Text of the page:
Training Your Chatbot for Quality Conversations

All of the preceding work involved enabling the NLU engine to understand queries and associate them with the right intent. At this point you’ve designed a bot, mapped conversation flows, integrated company systems, and …. you finally have a bot you can talk to and test! The next aspect of training is TRAINING your bot to improve conversational performance and ability to resolve customer issues successfully. Now you need to assess:

  • Is it recognising questions?
  • Is it replying properly to questions?
  • Is it giving correct answers?

This stage involves refining responses, and adding more as any gaps are discovered. You want to leverage all of your insight into existing customer support needs and walk in the client’s shoes to interact with the chatbot as a live customer would. Once your bot is live and collecting analytics, you’ll want to reiterate similar cycles of refinement to continue to improve business KPIs. An important metric for many teams is the bot’s ability to successfully close service issues without escalating the chat to a human representative.

Before you sit down with a list of 1,000 customer chatbot queries and get to work, let’s talk about options for automated chatbot testing.

Accelerate and Improve Chatbot Testing

Done the manual way, chatbot testing is highly manual, tedious, and extremely time-consuming.

Some platforms like SentiOne Automate include automated bot tests that can engage the bot in conversations and test the quality of responses. Automated testing can run 1,000s of conversations through the system and drastically reduce manual effort. Testing teams can then spend more time improving results rather than inputting queries.

As part of the testing effort, it’s often helpful to share the bot with others outside of the project team. With a fresh perspective, they can help look for “corner cases”, bot behaviours not factored into the current testing plan. For example, how does the bot react when you swear or ask controversial questions? How does it handle a long, silent pause? Are there common slang phrases or small-talk expressions the team has missed?

Enabling Multilingual Capabilities for Your Chatbot

Many chatbots are capable of speaking different languages, and they can automatically infer probable language preferences based on the browser’s default language or the location of an IP address.

Chatbots like SentiOne Automate can also speak multiple languages within the same conversation. Users can ask a question in Spanish, and then another in German, and the chatbot will understand both and reply in the respective language. Frequent travellers can enjoy the instant utility of chatbots without having to translate or select their language choice as they do on websites and with phone support. Regardless of location they can instantly interact in their preferred language.

SentiOne Automate has a pre-trained multi-language NLU that makes this job easier. Teams can train their bot using their preferred language, and SentiOne will use that same training model to offer responses in virtually any languages you choose to enable. If your company mainly interacts in 2-3 specific languages, you can bring in multilingual team members to further customise and optimise the language training, but there is no need to sequentially train your bot language by language.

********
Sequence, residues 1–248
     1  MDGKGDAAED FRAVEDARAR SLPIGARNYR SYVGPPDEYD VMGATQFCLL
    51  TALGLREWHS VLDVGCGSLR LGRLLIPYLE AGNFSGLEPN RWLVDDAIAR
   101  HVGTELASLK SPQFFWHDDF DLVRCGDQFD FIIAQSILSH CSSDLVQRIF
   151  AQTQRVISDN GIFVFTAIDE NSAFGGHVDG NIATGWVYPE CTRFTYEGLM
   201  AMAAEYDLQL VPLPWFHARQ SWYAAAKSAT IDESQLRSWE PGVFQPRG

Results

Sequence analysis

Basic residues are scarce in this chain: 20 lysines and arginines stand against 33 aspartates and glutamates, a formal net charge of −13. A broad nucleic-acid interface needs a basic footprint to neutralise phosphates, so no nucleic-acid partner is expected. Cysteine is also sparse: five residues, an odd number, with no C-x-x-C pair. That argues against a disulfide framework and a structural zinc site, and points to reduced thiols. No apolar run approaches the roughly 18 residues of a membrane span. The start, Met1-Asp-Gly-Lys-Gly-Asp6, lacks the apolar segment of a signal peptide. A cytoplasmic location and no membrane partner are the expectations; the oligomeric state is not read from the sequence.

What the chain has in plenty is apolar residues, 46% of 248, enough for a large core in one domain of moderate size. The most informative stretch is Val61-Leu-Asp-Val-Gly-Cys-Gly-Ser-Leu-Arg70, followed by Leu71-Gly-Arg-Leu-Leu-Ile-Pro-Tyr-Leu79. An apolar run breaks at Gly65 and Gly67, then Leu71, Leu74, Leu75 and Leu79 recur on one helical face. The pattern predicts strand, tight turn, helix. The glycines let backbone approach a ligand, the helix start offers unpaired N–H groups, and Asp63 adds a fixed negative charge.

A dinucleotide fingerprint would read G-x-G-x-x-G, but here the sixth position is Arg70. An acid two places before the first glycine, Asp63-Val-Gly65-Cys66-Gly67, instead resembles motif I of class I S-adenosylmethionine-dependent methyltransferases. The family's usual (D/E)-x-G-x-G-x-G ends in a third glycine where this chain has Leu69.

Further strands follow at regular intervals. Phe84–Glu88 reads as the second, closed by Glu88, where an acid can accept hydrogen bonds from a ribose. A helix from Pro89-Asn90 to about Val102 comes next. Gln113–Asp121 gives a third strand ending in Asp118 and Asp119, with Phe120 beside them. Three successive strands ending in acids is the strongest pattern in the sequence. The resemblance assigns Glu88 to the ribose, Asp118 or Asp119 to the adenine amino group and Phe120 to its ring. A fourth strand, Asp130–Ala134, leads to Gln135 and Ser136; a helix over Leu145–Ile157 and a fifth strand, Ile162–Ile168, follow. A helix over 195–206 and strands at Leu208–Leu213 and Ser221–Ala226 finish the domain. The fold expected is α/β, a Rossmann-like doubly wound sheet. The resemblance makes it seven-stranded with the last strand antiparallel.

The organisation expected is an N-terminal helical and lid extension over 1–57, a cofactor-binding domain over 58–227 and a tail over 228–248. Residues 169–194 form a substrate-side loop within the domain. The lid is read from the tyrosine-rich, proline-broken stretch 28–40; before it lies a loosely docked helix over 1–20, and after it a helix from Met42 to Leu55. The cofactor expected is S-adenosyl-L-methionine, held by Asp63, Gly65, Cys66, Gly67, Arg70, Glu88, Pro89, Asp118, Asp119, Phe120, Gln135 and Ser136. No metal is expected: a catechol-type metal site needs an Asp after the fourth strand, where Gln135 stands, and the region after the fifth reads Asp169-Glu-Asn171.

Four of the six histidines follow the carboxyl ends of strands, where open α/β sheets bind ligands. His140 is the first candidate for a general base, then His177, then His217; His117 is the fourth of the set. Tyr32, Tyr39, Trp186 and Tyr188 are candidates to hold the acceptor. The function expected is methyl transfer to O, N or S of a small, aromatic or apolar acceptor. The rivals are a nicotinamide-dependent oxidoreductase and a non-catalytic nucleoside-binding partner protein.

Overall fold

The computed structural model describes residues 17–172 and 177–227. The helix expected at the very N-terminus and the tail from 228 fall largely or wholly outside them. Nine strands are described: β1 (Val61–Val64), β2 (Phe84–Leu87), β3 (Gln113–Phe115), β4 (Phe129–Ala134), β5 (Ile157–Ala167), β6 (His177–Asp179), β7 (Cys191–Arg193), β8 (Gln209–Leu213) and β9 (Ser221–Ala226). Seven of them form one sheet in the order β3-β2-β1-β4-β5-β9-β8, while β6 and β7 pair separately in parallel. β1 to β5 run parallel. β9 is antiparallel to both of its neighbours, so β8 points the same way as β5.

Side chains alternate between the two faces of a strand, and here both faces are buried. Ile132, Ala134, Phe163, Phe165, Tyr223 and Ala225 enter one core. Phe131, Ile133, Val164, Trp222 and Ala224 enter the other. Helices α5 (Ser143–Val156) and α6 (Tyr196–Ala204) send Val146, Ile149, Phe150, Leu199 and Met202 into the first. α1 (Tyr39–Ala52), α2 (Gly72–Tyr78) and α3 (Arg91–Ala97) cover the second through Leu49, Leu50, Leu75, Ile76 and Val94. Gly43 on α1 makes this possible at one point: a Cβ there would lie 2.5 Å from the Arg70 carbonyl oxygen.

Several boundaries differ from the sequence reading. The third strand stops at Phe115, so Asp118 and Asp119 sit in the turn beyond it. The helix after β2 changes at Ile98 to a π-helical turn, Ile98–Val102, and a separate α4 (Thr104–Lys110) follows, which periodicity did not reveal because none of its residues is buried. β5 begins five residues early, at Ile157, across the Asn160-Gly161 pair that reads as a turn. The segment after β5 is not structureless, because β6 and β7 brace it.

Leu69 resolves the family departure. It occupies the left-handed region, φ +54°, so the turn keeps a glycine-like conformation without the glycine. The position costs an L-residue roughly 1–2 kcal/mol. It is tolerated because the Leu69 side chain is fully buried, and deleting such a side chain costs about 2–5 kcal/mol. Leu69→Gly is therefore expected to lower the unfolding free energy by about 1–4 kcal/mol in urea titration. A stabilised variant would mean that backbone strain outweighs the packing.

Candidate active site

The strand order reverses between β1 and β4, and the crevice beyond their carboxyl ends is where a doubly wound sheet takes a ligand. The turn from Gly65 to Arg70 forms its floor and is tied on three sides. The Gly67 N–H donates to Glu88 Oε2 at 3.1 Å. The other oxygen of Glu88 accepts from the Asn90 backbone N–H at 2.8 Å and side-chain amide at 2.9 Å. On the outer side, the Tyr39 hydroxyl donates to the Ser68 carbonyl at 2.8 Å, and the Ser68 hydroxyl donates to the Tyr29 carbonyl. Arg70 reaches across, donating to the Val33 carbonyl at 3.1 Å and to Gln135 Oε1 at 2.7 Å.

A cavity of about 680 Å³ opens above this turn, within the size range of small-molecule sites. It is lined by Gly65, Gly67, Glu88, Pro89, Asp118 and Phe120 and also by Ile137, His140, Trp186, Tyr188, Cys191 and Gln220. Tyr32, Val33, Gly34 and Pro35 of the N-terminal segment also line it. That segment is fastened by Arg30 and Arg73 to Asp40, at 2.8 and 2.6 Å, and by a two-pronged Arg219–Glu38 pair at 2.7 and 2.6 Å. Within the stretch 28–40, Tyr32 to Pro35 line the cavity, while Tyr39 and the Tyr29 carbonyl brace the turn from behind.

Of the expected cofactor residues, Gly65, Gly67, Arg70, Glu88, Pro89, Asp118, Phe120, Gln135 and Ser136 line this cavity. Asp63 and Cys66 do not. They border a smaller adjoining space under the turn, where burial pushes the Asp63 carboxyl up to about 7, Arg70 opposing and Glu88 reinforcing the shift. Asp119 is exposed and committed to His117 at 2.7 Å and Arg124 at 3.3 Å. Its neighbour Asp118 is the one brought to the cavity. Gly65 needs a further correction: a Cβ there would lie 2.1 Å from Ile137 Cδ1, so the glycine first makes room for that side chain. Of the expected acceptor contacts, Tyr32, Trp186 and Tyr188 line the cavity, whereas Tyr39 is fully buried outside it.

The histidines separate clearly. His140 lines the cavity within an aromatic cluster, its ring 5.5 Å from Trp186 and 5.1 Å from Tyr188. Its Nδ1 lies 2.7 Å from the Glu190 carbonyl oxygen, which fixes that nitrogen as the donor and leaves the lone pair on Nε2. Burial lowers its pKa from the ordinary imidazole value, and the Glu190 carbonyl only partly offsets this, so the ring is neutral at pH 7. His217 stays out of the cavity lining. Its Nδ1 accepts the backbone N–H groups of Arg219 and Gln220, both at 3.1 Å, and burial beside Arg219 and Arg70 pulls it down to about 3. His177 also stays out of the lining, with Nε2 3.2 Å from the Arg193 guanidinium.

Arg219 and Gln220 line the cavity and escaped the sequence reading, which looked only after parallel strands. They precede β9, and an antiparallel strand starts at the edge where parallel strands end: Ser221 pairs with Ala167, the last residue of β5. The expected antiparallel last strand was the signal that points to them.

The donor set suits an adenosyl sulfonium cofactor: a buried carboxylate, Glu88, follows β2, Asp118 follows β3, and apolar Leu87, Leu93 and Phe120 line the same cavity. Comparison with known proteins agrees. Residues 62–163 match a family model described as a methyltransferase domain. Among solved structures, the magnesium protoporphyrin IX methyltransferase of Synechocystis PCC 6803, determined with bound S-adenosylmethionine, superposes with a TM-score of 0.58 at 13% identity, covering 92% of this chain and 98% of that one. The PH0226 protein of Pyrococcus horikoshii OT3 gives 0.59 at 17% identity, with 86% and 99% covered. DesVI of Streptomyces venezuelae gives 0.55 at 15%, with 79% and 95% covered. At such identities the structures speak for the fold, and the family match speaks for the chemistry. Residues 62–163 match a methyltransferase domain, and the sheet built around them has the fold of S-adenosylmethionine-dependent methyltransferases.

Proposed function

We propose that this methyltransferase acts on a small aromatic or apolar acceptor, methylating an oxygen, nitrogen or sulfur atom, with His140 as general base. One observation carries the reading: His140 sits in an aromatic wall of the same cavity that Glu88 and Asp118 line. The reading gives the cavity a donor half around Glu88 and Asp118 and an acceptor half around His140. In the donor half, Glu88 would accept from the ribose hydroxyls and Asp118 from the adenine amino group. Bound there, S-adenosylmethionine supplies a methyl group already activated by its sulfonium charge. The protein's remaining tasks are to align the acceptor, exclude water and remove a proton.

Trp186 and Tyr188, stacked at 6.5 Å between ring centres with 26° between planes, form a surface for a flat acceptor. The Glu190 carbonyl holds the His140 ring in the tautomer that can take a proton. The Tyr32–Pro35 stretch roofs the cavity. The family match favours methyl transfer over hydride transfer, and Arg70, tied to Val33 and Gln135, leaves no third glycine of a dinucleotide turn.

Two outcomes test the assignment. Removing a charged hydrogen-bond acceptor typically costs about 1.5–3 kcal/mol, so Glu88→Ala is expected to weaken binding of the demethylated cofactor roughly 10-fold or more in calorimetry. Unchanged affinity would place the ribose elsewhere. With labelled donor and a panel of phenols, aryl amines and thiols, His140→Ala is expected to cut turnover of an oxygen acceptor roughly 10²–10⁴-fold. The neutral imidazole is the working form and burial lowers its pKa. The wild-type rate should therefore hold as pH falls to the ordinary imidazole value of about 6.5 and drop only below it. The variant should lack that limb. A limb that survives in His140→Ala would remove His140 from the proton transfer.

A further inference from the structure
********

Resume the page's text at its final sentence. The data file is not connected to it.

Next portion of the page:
Speeding Things Up Using ChatGPT to Train Chatbots

While they don’t offer the same customer support features as conversational AI chatbots, chatbots that leverage large language models (most notably, ChatGPT) can help speed some of the tasks involved in training conversational AI chatbots. They offer the ability to associate and synthesise language in ways that can be quite useful. Some potential use cases include:

  • Building NLU using dataset examples: You can take a common customer phrase such as “I’d like to request a refund” and ask ChatGPT for examples of similar phrases.
  • Generating synonyms of entities: ChatGPT can quickly generate a list of synonyms for common words your customers might use.
  • Create user journeys or flows: You can ask ChatGPT to generate scenarios or flows for common tasks, such as finding your company’s local branch office.
  • Building test scripts: ChatGPT can help with testing. Enter a common customer need (e.g. checking account balance) and ask ChatGPT to generate 10 different ways of phrasing it.
  • Creating bot responses: ChatGPT can help with creating text for the answers provided by your chatbot.

The latest release of SentiOne Automate integrates OpenAI’s ChatGPT to allow for automatic generation of phrases in NLU. Bear in mind that these types of use cases are still somewhat in the experimental phase – always check accuracy and appropriateness of any ChatGPT text!

Stay Connected for More Bot-Building Advice

Hopefully the guidance and AI tips in this article can help you train your chatbot to a high degree of success. Continue your learning journey through our Bot Building series – next, we’re going to tell you all about choosing the best communication channel for your chatbot.

The team behind the SentiOne Automate platform has deep experience in natural language understanding and conversational AI. If you’d like to discover more about AI-based chatbots, book a demo with our team of experts.

Please note that when discussing chatbots, we also mean voice bots. The primary distinction between them is the mode of communication, but they share the same underlying technology, with the addition of voice-specific technologies. Consequently, both solutions have similar use cases. Therefore, the principles discussed in the Bot Building Series can be applied to both chatbots and voice bots without any significant differences.


Article Summary

The article is part of our Bot Building Series and emphasises the importance of chatbot training in conversational AI. It discusses the significance of training chatbots to effectively serve specific business and customer needs, enabling them to provide accurate and satisfying responses. The article explains key terms related to chatbot training, such as utterances, intent, entities, and NLU engine. It highlights the process of training the NLU engine and training the chatbot itself to improve conversational performance and resolution of customer issues. The article also mentions the benefits of automated chatbot testing and the ability of chatbots to support multilingual capabilities. Additionally, it introduces the use of large language models like ChatGPT to assist in training chatbots by generating examples, synonyms, user journeys, test scripts, and bot responses.